And how do I love them? And I've heard that a lot from a lot of, you know, the queer LGBTQ community that, you know, it's hard for them to connect to their ancestors because of the same reasons that they wonder how much their ancestors would have even loved them or accepted them, just as some of their living family is not accepting them or loving them. I think, you know, dealing with our dead maybe is a, I don't know about easier place to start, but if you can't deal with living people let's try out some things with dead people. It sounds weird but trying things and in the actual literary thing, but you're spiritually having these connections in these conversations with people that may not be accepting of you, but maybe you could accept some things about them. And, you know, for myself on that journey, when during dia muertos and I and I build my ofrenda, and I put my ancestors photos on there, you know, because I'm a multiracial person, so I have a multiracial background, multiracial family. You know, the thought does come to me, "these two people probably wouldn't have ever liked each other. These two people, or this person in particular would have been not have been happy to be part of an indigenous celebration." But then I make space for them and say, you know, "I know people can change." And that's one of the greatest things about the atonement and about having an afterlife, and what we believe specifically in the church, though there still is room for growth after we die. I want to believe that my ancestors can grow and things that - whether it's racism, sexism, homophobia, xenophobia - those are the things that through through help of Jesus Christ, they can they can let go and be more loving and accepting and make space for me. And I hope- I hope.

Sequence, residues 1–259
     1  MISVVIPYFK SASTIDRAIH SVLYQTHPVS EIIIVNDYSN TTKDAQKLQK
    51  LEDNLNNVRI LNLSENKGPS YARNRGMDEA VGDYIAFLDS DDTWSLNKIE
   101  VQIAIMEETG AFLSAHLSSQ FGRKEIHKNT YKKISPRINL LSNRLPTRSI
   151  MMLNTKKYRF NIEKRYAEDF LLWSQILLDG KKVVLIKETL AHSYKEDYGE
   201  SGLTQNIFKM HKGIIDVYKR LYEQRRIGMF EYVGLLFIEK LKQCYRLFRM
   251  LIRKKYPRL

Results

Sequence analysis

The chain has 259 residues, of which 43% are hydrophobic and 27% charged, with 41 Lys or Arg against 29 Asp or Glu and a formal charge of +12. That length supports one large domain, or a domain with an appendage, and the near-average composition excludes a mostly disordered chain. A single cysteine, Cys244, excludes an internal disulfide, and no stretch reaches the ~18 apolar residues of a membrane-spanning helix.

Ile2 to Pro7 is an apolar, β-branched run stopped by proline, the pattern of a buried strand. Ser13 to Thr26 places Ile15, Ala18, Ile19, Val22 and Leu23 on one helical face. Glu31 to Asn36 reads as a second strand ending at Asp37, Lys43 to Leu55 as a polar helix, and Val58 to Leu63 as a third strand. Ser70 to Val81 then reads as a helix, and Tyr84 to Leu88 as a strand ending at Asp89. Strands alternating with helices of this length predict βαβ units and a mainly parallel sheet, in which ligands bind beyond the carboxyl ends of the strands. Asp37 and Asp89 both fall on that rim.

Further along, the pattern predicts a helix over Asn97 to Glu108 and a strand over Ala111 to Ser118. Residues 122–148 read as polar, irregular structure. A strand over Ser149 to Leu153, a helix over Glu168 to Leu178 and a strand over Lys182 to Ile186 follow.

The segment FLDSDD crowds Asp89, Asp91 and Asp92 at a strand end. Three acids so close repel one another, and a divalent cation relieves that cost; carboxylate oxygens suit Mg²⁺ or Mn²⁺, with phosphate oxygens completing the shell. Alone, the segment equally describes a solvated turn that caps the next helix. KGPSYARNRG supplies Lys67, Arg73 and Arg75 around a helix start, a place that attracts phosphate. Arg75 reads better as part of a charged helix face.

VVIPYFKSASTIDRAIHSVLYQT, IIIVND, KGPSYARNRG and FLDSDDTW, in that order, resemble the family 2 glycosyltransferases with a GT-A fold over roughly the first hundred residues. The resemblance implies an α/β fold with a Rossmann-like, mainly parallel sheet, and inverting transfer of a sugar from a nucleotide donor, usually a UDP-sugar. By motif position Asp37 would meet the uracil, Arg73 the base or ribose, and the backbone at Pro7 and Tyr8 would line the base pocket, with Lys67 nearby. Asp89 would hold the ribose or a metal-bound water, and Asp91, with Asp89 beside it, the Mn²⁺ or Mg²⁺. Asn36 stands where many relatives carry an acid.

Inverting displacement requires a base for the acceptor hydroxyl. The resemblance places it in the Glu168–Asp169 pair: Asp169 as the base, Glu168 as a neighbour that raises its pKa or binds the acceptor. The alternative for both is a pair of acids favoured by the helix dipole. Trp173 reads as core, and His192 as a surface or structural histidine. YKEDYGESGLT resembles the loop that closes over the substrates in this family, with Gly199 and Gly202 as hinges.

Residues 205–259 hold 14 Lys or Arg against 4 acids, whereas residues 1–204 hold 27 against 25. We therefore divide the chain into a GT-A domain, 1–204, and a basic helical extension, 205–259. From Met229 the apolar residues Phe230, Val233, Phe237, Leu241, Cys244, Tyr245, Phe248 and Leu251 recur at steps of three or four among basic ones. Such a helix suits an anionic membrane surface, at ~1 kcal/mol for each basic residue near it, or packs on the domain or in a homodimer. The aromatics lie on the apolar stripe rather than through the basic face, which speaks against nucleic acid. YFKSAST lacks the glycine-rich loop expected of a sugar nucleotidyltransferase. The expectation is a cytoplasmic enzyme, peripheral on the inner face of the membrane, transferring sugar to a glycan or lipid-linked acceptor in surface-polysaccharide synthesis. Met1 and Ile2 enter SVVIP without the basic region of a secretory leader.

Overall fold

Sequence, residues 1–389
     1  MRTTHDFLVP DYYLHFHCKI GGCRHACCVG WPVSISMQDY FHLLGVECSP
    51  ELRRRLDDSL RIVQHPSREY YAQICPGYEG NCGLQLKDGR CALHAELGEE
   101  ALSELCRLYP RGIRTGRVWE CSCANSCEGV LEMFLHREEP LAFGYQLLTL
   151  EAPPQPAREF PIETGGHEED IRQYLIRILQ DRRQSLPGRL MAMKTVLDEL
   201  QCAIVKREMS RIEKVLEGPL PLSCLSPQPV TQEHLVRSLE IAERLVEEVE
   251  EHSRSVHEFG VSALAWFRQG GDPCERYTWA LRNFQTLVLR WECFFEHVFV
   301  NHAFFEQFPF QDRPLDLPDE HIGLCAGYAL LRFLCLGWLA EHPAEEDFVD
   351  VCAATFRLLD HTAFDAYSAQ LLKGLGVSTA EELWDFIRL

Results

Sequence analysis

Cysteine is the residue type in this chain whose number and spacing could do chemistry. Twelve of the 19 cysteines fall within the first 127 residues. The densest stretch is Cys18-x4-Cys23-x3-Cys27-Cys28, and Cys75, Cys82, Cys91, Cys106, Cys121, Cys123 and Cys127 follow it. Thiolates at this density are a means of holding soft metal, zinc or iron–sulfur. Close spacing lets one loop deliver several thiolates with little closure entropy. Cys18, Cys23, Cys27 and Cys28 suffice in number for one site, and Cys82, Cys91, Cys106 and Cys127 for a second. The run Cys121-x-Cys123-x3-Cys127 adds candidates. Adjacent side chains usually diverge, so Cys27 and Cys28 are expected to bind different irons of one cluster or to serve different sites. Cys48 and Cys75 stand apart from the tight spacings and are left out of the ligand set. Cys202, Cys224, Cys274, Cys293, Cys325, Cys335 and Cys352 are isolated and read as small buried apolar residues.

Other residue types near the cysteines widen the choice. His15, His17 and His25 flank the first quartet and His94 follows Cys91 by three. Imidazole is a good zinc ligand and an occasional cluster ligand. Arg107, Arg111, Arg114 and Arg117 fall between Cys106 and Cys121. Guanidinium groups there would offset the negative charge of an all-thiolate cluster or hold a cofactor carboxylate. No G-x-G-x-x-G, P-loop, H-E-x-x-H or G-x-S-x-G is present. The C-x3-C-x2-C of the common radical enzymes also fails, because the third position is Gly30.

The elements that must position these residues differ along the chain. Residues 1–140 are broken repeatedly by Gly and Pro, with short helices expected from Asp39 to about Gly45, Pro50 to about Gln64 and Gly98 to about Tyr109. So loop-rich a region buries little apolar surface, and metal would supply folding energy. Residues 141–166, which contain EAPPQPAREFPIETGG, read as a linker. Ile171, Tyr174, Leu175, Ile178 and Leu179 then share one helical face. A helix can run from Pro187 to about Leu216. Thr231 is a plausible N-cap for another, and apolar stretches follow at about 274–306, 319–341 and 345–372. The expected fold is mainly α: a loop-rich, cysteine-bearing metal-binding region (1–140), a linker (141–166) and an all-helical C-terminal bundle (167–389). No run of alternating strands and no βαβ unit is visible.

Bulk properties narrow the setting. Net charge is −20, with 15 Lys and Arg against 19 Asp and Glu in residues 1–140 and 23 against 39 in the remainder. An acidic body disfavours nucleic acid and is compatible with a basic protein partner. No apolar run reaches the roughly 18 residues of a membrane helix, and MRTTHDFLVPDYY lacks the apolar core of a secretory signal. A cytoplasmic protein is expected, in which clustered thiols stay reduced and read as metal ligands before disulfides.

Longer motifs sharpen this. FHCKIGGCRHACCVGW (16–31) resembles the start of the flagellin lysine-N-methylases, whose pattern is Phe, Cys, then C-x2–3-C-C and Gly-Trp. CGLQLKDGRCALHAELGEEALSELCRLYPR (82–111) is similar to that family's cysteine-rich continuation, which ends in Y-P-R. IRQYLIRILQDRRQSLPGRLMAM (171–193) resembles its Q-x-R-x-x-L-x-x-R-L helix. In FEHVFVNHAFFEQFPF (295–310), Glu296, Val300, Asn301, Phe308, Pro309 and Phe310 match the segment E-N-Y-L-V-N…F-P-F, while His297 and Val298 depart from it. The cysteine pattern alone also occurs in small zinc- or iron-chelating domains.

Amy Harris 20:52
Well, I've had people say, you know, that they can feel that kind of, that they can grant forgiveness through the veil.
I believe that.
Amy Harris 20:59
And that person can vice versa in growth and healing on the other side of the veil.